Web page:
• Joe

      Micheal: Yes, The A-10 has been more effective, in some cases no other airframe was capable of handling the scenario, including Marine F-18s and Harriers. And as far as the “close” in CAS…there is no other airframe that can effectively engage enemy as “close” as the A-10 GAU-8…Let’s not even start on really tactical scenarios where other planes can’t execute.

      • Anonymous

        The facts are, the Air Force has been trying to get rid of the A-10 from the beginning. They never liked the plane. They considered it to slow and ugly. The Air Force wants fast and sleek jets. I remember when they closed the Hagerstown plant back in the 70’s. They have always hated that plane. The problem is that it was one of the greatest planes ever to have been built. Heres a question for you. When have you ever heard a ground soldier complain about the A-10

    • JoshO

      Its not as much about being close to the enemy as it is being close to the friendlies. No matter how on-target you can drop a smart bomb, you can’t go dropping them right next to friendlies. To get the firepower where its needed, you often need a cannon, and to use the cannon you happen to need to be low and relatively slow and close to the friendlies and enemies, and to do that you need armor. The F-35 can’t do those things. The A-10 can and has.

  • Banksy

    I can think of other programs to scale back

    • Figanootz

      I think missile defense is a technology that is worth developing. I think canceling the YAL-1 Airborne Laser was a huge mistake. If we can destroy/disable an enemies missiles over their territory or prevent death and destruction on our side I say hell yeah!

      • Austin “100 Billion Dollars” Powers

        “The government has spent $98 billion since 2002 to advance its missile defense system, the GAO acknowledged, and an additional $38 billion is expected to be spent on it between now and the end of fiscal year 2018.”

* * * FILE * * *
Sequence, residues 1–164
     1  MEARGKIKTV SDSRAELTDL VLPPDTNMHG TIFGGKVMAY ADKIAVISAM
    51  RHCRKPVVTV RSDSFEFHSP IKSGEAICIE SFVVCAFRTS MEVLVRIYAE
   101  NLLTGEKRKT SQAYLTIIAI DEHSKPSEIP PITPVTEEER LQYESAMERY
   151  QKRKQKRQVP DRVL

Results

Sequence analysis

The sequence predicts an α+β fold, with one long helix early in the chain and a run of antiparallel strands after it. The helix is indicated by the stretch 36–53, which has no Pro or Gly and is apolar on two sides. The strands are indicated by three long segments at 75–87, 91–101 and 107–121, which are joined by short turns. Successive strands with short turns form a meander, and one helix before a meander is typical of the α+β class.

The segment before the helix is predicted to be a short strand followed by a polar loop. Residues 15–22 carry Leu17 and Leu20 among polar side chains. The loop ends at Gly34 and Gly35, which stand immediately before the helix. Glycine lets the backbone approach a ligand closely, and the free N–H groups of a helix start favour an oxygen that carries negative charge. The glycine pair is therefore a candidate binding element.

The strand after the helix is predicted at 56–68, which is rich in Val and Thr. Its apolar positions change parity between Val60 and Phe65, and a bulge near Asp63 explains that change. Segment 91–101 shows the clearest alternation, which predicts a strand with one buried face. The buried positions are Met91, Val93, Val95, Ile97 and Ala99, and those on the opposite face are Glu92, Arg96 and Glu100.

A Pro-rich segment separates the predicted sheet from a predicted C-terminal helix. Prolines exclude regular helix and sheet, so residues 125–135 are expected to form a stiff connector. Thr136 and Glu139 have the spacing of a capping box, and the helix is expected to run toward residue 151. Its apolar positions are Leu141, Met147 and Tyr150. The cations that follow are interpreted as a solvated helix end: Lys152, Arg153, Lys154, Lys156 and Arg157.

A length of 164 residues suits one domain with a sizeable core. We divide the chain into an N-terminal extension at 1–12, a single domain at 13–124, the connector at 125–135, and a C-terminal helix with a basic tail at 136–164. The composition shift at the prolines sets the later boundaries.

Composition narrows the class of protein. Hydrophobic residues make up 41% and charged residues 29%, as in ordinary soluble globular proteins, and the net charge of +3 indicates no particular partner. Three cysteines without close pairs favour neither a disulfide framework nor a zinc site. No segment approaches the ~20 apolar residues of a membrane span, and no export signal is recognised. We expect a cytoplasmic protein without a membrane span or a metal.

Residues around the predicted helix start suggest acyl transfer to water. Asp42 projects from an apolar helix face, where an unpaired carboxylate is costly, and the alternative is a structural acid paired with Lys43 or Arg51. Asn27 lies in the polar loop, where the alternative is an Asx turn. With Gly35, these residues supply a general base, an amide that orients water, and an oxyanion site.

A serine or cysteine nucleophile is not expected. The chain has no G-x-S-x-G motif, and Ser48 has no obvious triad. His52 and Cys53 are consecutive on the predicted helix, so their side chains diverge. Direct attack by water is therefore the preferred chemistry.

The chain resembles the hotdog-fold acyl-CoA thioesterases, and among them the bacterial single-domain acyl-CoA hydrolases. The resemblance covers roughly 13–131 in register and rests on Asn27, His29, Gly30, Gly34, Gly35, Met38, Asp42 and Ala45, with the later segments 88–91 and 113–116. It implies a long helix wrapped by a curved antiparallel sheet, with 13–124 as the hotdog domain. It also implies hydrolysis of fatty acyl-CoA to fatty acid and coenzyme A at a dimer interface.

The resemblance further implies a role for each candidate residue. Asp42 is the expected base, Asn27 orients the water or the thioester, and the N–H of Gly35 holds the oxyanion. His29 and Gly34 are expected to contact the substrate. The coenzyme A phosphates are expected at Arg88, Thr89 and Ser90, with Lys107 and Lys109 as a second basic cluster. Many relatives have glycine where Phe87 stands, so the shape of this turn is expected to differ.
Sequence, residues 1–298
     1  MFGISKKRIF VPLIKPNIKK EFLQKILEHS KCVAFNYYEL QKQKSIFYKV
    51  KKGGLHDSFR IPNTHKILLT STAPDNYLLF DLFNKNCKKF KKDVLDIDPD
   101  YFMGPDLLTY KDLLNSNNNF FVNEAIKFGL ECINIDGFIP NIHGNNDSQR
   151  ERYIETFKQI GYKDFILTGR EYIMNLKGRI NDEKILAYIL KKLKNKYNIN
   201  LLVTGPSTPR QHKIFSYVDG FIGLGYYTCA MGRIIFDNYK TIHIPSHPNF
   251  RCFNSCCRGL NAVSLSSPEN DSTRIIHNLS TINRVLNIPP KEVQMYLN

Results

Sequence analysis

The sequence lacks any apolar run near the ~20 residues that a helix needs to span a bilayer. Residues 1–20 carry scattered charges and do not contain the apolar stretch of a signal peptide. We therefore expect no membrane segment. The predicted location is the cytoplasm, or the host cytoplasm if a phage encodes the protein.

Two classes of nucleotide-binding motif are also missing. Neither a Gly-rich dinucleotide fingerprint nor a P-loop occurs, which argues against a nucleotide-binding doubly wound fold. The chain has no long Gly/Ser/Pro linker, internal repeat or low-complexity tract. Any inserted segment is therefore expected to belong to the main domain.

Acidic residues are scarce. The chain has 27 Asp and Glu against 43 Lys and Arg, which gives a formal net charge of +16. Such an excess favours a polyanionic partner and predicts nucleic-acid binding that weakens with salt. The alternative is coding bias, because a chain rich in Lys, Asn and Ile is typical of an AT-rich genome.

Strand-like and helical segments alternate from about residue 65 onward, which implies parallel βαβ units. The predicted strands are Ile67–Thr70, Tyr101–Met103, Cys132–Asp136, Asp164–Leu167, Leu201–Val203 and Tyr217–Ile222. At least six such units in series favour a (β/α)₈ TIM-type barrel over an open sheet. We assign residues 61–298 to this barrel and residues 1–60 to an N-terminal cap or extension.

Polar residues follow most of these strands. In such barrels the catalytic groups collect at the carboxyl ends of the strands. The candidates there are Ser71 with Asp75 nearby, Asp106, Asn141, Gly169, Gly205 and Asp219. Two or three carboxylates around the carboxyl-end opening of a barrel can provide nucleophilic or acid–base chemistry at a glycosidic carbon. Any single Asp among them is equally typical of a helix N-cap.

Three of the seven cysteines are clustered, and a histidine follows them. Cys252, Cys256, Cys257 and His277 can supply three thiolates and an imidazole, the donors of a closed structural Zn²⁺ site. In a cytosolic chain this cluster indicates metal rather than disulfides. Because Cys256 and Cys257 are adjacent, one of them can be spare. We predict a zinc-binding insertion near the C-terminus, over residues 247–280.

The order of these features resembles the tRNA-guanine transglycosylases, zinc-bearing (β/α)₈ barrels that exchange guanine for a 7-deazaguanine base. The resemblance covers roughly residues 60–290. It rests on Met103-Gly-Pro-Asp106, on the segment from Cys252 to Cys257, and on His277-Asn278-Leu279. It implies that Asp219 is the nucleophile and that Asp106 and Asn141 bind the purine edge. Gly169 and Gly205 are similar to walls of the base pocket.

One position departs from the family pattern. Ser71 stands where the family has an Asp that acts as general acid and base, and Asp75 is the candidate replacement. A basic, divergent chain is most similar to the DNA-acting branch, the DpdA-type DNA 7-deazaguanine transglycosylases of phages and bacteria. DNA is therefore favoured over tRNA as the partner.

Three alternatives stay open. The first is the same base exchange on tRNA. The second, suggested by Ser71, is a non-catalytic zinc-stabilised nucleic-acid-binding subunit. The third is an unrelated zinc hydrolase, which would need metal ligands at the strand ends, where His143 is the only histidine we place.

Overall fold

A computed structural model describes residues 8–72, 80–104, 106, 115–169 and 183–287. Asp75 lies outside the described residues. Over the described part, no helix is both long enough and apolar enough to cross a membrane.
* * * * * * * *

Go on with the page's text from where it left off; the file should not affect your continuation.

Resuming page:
• Perry Smythe Whitherspoon

    The Air Force is not responsible for taking out tanks and infantry. Assign the A-10s to 3rd Armor at Dix/McGuire and let the Army fly them like they should have done since the 1970s. The Air Force has always pushed the limits of the Key West Agreement, but the A-10 was always a glaring example of the Air Force’s pitiful attempt to justify their existence post cold war.

    We all know the real reason the Air Force has kept the A-10. Air Force Generals like to brag about their 30mm cannon at parties.

  • Figanootz

    Tony, you got off to a rough start with the discussion of AOCs, Mobility and executive service.
    However, when you got down the A-10 you freakin NAILED IT!! Very well research and very well put. I don’t know how you find the time to write.
    I think the idea of purchasing a few less F-35s in order to keep the A-10 flying another 5-10 years is a great idea. I gives time for the F-35 to prove itself, allows us to build its CAS capability and doesn’t leave us less capable to do the CAS, INT, SCAR and CSAR that the multi-role A-10 does.
    Back to the earlier parts of the article.
    I love the idea of getting rid of executive transport services. Why can’t more “executives” fly commercial. Why can’t we do like many corporations and lease executive transport services? Would that be cheaper or become yet another place where we overspend? Just how valuable is a 4 Star’s time. Is it really necessary for him to fly 1 hour to tour a base and give a speech to the troops when he could have driven 4 hours, toured the base, met the troops, spent the night and left the next morning? I’m not a 4 Star, maybe he really needs a private jet.